Location: Horticultural Crops ResearchTitle: Anthocyanin content of wild black raspberry germplasm) Author
Submitted to: Acta Horticulturae
Publication Type: Proceedings
Publication Acceptance Date: 8/17/2011
Publication Date: 5/8/2012
Citation: Dossett, M., Lee, J., Finn, C.E. 2012. Anthocyanin content of wild black raspberry germplasm. Acta Horticulturae. 946:43-47. Interpretive Summary: Black raspberries have been historically used as natural colorants due to their high pigment content (i.e. anthocyanins). This was part of our continuing work towards developing improved black raspberry cultivars. We examined the fruit quality from our new seedling collections; the new collection displays a wider range of pigment levels than previous evaluations, and initial selections have been promising.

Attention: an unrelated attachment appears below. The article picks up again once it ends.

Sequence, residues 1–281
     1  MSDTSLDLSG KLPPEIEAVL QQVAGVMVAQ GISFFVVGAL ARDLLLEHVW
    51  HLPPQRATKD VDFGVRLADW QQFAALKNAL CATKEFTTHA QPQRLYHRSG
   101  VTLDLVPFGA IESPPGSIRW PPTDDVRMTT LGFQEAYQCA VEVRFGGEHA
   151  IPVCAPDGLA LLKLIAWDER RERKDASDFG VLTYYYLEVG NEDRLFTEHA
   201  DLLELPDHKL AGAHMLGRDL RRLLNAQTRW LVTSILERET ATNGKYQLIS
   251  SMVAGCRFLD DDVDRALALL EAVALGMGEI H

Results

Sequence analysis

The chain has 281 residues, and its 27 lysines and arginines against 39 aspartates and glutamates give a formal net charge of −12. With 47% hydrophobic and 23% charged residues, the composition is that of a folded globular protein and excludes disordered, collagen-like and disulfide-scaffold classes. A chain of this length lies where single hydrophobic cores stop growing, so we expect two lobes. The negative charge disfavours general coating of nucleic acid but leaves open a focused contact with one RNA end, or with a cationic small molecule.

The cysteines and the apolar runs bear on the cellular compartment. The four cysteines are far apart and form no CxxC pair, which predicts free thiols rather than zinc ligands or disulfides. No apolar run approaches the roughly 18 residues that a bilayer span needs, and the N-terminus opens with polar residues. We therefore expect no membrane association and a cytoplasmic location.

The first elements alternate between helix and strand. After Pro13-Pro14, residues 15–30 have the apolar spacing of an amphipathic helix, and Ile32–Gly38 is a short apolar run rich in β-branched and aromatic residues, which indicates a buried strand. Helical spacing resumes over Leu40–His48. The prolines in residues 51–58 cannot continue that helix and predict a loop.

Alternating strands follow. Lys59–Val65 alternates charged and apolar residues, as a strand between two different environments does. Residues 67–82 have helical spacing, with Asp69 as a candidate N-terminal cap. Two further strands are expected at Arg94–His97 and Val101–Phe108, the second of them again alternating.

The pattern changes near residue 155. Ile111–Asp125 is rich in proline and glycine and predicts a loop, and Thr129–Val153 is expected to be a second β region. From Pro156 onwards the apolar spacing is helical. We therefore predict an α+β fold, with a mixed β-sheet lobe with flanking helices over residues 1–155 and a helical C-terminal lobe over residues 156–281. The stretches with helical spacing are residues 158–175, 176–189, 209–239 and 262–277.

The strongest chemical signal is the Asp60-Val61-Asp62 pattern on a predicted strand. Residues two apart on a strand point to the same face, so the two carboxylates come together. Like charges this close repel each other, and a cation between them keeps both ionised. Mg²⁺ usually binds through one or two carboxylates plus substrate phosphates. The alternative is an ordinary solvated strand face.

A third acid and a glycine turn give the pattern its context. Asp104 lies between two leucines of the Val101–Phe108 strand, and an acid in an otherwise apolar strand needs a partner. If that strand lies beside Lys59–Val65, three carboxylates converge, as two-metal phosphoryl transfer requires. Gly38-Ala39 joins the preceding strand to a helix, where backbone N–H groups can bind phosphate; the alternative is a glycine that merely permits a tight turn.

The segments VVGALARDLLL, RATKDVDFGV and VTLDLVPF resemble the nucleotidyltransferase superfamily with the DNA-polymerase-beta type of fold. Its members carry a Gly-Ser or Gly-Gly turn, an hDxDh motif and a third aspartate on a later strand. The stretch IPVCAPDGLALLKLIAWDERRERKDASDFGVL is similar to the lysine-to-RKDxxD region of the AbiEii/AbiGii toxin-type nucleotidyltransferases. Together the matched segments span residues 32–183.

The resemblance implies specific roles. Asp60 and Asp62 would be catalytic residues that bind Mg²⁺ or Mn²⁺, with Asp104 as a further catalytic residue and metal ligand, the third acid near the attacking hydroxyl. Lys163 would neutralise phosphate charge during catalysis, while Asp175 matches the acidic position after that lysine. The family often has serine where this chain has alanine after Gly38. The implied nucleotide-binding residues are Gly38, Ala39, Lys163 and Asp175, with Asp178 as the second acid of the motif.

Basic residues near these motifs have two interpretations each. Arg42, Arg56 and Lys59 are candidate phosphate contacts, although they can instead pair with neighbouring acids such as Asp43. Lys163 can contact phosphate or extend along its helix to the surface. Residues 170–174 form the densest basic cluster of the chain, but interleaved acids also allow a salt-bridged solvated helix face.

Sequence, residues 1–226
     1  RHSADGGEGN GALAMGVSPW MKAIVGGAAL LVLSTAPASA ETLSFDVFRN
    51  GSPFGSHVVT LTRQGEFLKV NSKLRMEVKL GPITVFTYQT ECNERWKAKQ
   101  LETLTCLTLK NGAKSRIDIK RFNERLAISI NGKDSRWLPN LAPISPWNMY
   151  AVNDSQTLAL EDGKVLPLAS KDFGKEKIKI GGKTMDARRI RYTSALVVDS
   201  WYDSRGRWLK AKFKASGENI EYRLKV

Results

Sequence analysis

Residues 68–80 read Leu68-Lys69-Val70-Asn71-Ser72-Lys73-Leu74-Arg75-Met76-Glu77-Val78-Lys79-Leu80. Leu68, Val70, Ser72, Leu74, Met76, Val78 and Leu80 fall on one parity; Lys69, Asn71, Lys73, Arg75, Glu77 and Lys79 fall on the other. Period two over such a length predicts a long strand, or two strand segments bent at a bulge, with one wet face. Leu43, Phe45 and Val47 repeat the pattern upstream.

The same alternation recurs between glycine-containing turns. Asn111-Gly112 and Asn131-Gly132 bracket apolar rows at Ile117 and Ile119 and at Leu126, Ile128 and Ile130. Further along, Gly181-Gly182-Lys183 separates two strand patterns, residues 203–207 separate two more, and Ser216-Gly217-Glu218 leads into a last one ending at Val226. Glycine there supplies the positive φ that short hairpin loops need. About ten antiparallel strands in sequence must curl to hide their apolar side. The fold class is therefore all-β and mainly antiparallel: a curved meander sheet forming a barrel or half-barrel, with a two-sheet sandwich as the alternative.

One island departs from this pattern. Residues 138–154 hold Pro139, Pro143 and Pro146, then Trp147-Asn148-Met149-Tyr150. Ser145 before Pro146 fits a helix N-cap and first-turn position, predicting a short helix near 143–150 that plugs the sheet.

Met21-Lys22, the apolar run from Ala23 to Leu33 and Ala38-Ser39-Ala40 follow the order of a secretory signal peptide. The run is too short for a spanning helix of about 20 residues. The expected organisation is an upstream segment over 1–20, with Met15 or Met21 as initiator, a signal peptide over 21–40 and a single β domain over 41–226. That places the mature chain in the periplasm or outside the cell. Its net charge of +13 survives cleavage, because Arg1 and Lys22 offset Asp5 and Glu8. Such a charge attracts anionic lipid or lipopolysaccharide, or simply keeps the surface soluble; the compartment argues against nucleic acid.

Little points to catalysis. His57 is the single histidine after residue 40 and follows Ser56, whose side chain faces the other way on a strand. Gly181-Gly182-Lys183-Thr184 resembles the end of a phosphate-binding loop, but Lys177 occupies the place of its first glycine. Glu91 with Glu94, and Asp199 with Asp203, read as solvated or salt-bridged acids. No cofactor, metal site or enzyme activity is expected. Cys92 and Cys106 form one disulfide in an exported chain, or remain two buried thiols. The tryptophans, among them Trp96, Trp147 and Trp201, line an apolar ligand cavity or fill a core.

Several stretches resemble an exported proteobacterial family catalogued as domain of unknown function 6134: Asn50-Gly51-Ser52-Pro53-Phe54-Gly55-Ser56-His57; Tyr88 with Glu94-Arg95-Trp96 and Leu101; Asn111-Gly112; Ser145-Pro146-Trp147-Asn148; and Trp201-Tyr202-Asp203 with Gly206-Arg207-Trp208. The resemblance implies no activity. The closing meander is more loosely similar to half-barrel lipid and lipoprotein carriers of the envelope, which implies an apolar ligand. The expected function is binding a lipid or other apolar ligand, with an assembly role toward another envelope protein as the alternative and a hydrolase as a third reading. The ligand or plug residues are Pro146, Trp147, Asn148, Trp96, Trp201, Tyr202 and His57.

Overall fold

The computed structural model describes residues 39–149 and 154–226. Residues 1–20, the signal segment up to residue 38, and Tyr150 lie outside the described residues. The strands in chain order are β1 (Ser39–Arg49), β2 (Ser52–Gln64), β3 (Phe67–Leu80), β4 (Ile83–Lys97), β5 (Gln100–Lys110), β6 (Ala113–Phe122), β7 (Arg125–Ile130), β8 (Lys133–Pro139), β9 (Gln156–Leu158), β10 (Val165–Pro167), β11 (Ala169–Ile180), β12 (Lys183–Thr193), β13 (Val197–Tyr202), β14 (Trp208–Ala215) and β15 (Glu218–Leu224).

Technical Abstract: Because of its intense anthocyanin pigments, black raspberry (Rubus occidentalis L.) has a long history of use as a natural colorant and dye. Recent studies showing black raspberries to be a rich source of anthocyanins and other dietary phytochemicals have led to renewed interest in breeding better adapted cultivars that meet the demands of these markets. Anthocyanin content is a critical indicator of fruit quality for fresh and processed markets. Previous studies characterizing black raspberry anthocyanins have focused on existing cultivars comprising a narrow genetic base; however, progress in breeding new cultivars with better adaptability and disease resistance will rely on the use of new germplasm sources. Using high performance liquid chromatography/diode array detector/ion trap mass spectrometer, we examined anthocyanin content and profiles in the juice of fruit from black raspberry seedlings representing 78 wild populations from across the species’ native range over a two year period. Anthocyanin profiles were similar to those previously reported, however total anthocyanin content varied widely. Total anthocyanins in individual clones ranged from 39 to 996 mg/100 mL (expressed as cyanidin-3-glucoside) and averaged slightly higher in 2010 than in 2009. Black raspberry cultivars fell in the middle of this range, with individual wild clones ranging from less than one fourth to nearly three times the anthocyanin concentration of the industry standard, ‘Munger’. Genetic diversity for anthocyanin content is present in recently collected wild black raspberry germplasm and should be carefully evaluated when using this material for breeding improved cultivars.